The Sierra Nevada mountain range, home to Sequoia National Park, has enchanted humans for thousands of years. But it wasn’t until President Benjamin Harrison signed a bill authorizing the park in the fall of 1890, that the site and its massive, ancient trees were protected, and would be admired by visitors for years to come.
Situated east of Visalia, Calif., and the San Joaquin Valley, in the southern section of the Sierra Nevada, the park spans over 404,000 acres, and is part of a partnership with the King’s Canyon National Park to the north, administered by the National Park Service. In addition to rugged mountains, deep canyons and valleys, the two parks contain and protect old-growth giant sequoia trees.
One main attraction considered to be the world’s largest tree (by volume): the General Sherman Tree. At a height of approximately 275 feet, a ground circumference of about 103 feet, and weighing 2.7 million pounds, the tree stands at the northern end of the park’s aptly named Giant Forest.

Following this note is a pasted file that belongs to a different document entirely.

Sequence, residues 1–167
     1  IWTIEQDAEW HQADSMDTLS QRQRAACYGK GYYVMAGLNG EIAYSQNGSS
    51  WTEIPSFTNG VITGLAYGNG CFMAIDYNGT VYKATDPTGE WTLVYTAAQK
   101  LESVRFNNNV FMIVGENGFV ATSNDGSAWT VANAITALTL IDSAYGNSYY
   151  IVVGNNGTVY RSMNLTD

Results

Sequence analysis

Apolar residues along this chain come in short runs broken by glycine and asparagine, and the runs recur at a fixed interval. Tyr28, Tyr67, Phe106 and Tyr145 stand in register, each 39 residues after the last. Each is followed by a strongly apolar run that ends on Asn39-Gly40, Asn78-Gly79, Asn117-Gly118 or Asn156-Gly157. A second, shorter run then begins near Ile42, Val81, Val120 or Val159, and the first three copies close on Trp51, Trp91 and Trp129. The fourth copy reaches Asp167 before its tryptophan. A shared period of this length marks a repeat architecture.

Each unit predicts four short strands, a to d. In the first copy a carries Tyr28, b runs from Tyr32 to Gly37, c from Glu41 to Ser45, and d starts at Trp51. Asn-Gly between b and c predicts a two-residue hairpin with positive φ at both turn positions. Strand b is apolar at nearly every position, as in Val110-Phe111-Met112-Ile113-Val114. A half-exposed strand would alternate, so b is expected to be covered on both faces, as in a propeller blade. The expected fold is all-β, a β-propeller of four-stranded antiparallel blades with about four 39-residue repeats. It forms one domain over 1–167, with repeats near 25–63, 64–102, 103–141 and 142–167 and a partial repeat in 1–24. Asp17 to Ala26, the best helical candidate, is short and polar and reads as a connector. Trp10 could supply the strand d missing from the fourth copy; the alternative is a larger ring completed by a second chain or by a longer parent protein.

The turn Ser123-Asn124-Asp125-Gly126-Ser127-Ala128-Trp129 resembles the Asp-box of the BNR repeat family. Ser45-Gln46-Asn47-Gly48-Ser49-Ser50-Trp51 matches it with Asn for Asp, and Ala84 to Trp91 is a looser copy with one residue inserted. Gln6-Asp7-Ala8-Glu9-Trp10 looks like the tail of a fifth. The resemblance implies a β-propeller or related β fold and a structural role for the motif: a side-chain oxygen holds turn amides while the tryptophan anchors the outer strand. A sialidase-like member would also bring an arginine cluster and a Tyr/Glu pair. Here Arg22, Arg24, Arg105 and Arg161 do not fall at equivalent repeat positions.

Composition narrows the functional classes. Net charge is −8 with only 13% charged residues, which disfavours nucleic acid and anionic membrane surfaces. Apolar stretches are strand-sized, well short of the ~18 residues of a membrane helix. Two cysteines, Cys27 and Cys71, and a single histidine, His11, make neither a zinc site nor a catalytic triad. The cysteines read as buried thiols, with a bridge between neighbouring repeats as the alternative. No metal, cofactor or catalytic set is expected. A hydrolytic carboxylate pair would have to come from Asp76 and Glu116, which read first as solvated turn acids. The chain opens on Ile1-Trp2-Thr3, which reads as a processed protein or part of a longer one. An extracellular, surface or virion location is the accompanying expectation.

The Giant Forest is home to 5 of the 10 most massive trees in the world.
Sequoia National Park is also home to Mount Whitney, with a summit peaking at an estimated height of 14,505 feet. Mount Whitney is considered the tallest mountain within the contiguous 48 states.
According to local history, a Californian named John Muir climbed the nearby Converse Basin in 1877 and was surprised to discover a sawmill cutting trees from the Sequoia Groves. After consistent political lobbying, legislation was proposed to save the trees and then President Benjamin Harrison signed the bill into law on Sept. 25, 1890. That action made the park California’s first national park and the nation’s second, after Yellowstone.
Today’s park visitors enjoy camping, cave tours, skiing/snowshoeing, rock climbing, museums, ranger-led programs, hiking, horseback riding, and more.
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